Bread And Roses

on May 11, 2001 by Lael Loewenstein
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British director Ken Loach has visited the social problem film before--whether his films concerned an alcoholic ("My Name is Joe"), those damaged by war in Central America ("Carla's Song") or the Spanish Civil War ("Land and Freedom"). This time he brings his familiar themes to new territory, shooting for the first time in the U.S. "Bread and Roses" is a powerful, occasionally didactic but deeply resonant film dealing with the plight of migrant laborers. In fact, Angeleno viewers will find the film eerily familiar, as it concerns a janitors' strike remarkably like the one that played out in nightly L.A. newscasts this spring.

Loach has a way of treating events with bracing honesty, shooting in an unfussy style that rewards the viewer with its intimacy. As the story of Mexican immigrant Maya (Pilar Padilla) unspools, her tale is compellingly personal yet arguably universal. Moving in with her sister Rosa (Elpidia Carrillo), Maya finds work as a janitor for a boorish boss (George Lopez) and meets a feisty union organizer, Sam (Adrien Brody). When Sam convinces Maya that the janitors should stand up for their rights, she helps motivate her fellow workers to unionize, though the price is steep: They risk temination and, in some cases, deportation, and they are reluctant to jeopardize their hard-won jobs.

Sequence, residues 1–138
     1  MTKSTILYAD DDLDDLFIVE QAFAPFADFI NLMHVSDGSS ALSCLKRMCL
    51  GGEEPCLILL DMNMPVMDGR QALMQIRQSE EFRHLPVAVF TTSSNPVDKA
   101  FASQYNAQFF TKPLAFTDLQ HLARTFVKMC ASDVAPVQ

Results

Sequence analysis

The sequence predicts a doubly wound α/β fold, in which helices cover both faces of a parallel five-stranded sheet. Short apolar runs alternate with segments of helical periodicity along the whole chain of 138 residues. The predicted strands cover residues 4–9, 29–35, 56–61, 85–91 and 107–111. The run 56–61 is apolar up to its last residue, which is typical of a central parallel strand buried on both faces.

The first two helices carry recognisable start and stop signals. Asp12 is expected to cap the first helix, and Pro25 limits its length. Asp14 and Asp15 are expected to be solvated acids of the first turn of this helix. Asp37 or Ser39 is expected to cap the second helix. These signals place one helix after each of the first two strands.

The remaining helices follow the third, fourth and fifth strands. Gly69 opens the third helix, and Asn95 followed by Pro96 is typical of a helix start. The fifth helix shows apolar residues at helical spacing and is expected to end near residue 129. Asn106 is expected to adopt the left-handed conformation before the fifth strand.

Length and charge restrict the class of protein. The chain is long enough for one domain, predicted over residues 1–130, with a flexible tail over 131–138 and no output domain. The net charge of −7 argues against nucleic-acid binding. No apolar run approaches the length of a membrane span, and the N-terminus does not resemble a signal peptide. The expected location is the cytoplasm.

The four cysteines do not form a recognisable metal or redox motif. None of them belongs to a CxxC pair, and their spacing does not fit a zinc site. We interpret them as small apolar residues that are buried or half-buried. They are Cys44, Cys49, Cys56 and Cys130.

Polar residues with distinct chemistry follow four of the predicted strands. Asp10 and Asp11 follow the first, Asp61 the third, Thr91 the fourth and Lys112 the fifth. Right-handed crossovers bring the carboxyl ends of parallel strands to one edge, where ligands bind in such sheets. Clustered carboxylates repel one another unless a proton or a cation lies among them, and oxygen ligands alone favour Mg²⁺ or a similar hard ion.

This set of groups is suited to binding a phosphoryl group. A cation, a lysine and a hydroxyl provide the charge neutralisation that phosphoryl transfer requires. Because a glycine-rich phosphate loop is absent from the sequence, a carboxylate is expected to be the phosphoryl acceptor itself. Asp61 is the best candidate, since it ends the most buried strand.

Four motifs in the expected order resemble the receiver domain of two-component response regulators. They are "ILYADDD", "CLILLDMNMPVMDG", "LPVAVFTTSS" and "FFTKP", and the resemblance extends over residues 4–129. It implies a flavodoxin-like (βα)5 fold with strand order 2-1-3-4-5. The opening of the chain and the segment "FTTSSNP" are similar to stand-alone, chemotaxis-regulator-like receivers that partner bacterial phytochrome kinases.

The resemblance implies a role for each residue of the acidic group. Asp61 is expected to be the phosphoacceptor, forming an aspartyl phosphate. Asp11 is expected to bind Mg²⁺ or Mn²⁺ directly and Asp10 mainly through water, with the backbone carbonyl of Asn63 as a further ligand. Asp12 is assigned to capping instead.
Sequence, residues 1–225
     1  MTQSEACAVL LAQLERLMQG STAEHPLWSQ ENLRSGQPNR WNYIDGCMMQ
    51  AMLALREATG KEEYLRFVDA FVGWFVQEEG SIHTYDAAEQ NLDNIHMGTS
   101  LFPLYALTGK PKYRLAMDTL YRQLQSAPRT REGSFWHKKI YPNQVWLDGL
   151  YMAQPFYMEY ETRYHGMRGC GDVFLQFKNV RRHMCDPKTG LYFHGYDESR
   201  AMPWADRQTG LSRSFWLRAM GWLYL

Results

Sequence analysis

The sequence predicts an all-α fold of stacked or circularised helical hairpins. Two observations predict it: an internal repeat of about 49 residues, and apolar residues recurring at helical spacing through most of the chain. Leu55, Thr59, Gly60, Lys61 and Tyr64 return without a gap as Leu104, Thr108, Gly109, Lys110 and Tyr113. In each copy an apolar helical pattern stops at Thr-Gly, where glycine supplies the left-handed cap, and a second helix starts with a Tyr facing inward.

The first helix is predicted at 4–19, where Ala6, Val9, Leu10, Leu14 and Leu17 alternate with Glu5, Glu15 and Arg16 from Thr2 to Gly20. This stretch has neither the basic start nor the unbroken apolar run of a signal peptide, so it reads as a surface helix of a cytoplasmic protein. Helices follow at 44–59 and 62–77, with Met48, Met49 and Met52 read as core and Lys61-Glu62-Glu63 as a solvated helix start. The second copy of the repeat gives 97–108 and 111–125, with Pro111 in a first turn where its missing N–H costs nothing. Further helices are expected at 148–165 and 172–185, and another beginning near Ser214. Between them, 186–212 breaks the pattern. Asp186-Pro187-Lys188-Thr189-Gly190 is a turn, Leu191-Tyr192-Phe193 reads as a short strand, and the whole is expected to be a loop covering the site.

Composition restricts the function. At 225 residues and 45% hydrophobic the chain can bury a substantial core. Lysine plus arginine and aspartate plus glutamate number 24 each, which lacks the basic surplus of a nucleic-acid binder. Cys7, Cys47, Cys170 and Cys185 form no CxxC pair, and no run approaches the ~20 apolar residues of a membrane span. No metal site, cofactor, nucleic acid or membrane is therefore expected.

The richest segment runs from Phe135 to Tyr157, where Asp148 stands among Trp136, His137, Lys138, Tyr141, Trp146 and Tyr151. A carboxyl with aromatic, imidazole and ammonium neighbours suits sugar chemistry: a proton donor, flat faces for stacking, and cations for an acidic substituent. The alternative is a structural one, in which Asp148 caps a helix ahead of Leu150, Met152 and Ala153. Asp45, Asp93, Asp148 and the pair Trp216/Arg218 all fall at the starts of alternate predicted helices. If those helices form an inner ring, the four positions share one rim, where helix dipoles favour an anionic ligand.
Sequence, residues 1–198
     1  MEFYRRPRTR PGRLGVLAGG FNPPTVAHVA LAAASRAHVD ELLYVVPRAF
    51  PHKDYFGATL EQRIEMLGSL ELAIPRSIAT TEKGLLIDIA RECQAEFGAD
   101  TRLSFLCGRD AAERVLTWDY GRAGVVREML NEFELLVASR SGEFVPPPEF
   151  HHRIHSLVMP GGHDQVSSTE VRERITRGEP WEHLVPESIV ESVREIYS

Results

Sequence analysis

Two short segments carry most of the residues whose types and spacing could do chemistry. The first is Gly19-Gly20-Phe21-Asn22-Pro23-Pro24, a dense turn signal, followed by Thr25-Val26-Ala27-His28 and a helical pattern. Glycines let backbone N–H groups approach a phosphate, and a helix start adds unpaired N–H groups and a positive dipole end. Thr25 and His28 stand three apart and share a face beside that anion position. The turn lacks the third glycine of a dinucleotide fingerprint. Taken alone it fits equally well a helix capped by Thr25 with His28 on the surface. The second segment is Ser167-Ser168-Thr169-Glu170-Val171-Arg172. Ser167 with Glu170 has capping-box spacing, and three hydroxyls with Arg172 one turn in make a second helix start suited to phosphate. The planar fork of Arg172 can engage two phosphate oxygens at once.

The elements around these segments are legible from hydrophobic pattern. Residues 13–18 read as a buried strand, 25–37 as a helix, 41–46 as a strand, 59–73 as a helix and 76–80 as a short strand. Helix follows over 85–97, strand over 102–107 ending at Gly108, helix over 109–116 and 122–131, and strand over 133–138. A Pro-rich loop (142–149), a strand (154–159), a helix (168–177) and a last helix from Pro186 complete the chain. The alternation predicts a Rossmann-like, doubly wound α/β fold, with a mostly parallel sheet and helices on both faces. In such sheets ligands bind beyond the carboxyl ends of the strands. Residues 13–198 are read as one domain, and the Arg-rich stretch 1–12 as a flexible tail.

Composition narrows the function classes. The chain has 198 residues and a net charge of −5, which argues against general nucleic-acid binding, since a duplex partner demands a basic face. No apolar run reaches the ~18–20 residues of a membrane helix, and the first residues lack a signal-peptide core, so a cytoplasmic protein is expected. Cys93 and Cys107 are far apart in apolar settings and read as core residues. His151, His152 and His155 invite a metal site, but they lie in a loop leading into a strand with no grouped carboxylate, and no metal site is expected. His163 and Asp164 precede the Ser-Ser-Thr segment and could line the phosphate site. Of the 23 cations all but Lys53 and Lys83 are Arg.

To their significant credit, Loach and screenwriter Paul Laverty ("Carla's Song," "My Name is Joe") have fashioned a story that is consistently engrossing, surprising and believable. (Look for a scene where the janitors crash a fancy party, with Tim Roth and Ron Pearlman in cameos.) "Bread and Roses" is infused with realism, both through Loach's effectively improvisational techniques and the textured portraits by the cast. Thankfully never deified, they instead embody very human, flawed and complex people whose personal goals are often at odds with the social good. Padilla, a Mexican theatre actress, is a standout in her first screen role, and Carrillo is heart wrenching as her sister. Starring Adrien Brody, Pilar Padilla and Elpidia Carrillo. Directed by Ken Loach. Written by Paul Laverty. Produced by Rebecca O'Brien. A Lions Gate release. Drama. Not yet rated. Running time: 110 min.

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